I often get asked from what the “secret” is to being successful at sales. I wish it was as simple as just knowing a “secret”, because if it was, I’d write a book on it and retire. There is no secret. It’s a mixture of genetics, hard work and mindset.  If you aren’t willing to fail 1,000 times and go to work everyday with the mindset that you’re job is on the line, than sales isn’t for you. Luckily for me, I’ve been surrounded with incredible sales people to learn who have taught me to avoid some of the mistakes they made. This group of people ranges from my father, my best friend, my mentor and my current colleagues. Below are the 6 things I’ve learned from them that make a great sales rep.



1. God Given Abilities: Just like Lebron James was born to play basketball, some people are born for sales. You need to have strong gut instincts on how to read people and you need to be a person who can easily build friendships. Simply put, some people got “it” and some people don’t. You need to love interacting with people and be a thrill seeker. Personally, I don’t know of a better feeling than closing a deal, and I live my life seeking the next thrill of closing a deal.

2. Commitment to process: Sales is as much of a science as it is an art. The most successful sales reps have a process that they follow. Whether if it’s the way that they qualify deals to find good prospects or if it’s the way they prospect, good sales reps create successful, repeatable, processes. It takes a while to define these processes, but once you do, you’re essentially shooting fish in a barrel.

3. Work Ethic: Sales people are the hardest working people in your organization. No if’s, and’s or but’s. Be prepared to work long hours and be prepared to do whatever it takes to be successful. Sales is a  24/7 job. When a client/prospect calls, money is calling, so you need to be ready to pick up the phone. Expect to regularly take calls on nights/weekends to accommodate your prospects needs.

4. Mindset: You need to be money motivated or accomplishment oriented. Sales is the most transparent job in any organization. Everyone knows how much money you make and everyone knows how well you’re doing. Personally, I’m accomplishment oriented. What that means is I care more about hitting quota than making commission (though I know that hitting quota means a lot commission).Great sales reps are also even keel at all times. You’re under the constant pressure of your quota, but  you need to keep your cool through it all and keep doing your job.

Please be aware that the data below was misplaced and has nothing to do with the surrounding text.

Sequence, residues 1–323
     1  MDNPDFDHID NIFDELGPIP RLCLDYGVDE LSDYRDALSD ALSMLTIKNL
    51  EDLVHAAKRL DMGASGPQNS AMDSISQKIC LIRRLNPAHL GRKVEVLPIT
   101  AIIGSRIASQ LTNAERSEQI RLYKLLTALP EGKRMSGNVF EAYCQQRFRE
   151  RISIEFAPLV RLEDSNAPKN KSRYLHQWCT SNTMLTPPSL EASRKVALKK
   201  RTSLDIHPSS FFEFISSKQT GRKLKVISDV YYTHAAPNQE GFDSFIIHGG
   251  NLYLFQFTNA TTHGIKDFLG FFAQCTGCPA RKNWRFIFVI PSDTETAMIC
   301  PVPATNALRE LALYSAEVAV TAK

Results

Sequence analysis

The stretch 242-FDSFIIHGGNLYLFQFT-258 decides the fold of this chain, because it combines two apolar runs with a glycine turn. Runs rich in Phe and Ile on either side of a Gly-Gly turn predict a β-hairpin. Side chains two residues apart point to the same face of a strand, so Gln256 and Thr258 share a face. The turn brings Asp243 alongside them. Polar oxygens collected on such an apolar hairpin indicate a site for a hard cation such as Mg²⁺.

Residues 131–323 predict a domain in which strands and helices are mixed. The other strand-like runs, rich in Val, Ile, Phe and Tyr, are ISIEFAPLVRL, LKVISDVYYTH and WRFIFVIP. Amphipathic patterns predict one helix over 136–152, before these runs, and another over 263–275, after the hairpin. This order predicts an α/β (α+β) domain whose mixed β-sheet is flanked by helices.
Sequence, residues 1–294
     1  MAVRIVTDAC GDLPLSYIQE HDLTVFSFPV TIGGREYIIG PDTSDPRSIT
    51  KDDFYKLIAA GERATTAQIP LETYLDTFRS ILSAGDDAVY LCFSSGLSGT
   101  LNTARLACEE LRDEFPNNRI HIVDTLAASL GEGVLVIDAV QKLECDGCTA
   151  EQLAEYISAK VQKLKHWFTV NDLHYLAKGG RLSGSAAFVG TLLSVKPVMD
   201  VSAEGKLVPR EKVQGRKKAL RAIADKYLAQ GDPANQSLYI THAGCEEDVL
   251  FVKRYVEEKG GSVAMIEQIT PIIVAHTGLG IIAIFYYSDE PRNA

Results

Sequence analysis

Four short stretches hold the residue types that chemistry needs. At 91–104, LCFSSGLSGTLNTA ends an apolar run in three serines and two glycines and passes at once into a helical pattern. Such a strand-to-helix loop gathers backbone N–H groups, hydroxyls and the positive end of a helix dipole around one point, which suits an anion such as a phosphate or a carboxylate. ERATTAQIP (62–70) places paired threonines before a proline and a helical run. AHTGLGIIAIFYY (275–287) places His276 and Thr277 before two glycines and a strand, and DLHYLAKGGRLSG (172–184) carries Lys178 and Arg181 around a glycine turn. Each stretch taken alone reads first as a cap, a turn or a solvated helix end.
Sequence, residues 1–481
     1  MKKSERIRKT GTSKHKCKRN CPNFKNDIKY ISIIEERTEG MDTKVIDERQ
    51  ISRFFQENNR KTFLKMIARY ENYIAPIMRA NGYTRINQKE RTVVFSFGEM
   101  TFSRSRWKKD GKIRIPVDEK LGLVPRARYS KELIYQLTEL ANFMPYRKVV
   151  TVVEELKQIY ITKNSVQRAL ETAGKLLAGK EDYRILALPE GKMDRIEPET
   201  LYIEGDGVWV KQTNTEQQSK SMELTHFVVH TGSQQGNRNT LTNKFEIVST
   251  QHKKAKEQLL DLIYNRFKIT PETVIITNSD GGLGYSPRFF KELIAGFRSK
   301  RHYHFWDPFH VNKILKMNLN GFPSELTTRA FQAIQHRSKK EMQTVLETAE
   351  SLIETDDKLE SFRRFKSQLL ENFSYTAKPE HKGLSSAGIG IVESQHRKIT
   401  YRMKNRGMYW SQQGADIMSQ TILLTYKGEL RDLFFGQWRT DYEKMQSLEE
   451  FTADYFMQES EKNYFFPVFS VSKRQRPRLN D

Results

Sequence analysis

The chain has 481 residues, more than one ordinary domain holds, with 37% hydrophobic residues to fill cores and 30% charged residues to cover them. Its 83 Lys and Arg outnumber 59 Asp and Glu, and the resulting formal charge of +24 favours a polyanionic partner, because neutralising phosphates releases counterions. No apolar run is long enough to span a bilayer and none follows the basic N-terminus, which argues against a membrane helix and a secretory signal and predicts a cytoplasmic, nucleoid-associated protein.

Pressure makes diamonds

5. Confidence: There’s no room for people with a low level of confidence in sales. People with low self esteem fizzle out quickly due to all of the rejection they face in sales. You need to believe you’re the best sales rep in your organization and approach every meeting with that belief. If you’re not confident in yourself, that means your pitch won’t come out confidently, and that means your clients won’t believe in you or what you’re selling.

6. Challenger: You need to challenge your prospects mindset. You need to be able to consult your prospect while selling them. The selling landscape has changed. Not only do you need to sell your prospect on your product, but you also need to sell you prospect on why what they’re currently doing is wrong. This can be intimidating, but prospects will buy an inferior product 100% of the time if you can sell them a better solution to their pain.

These are the 6 things I’ve seen to be common in very successful sales reps. Personally, I believe that point #1 is most important to a successful sales rep. Some people are born to do certain things, and the quicker you realize what you were born to do, the quicker you’ll find success.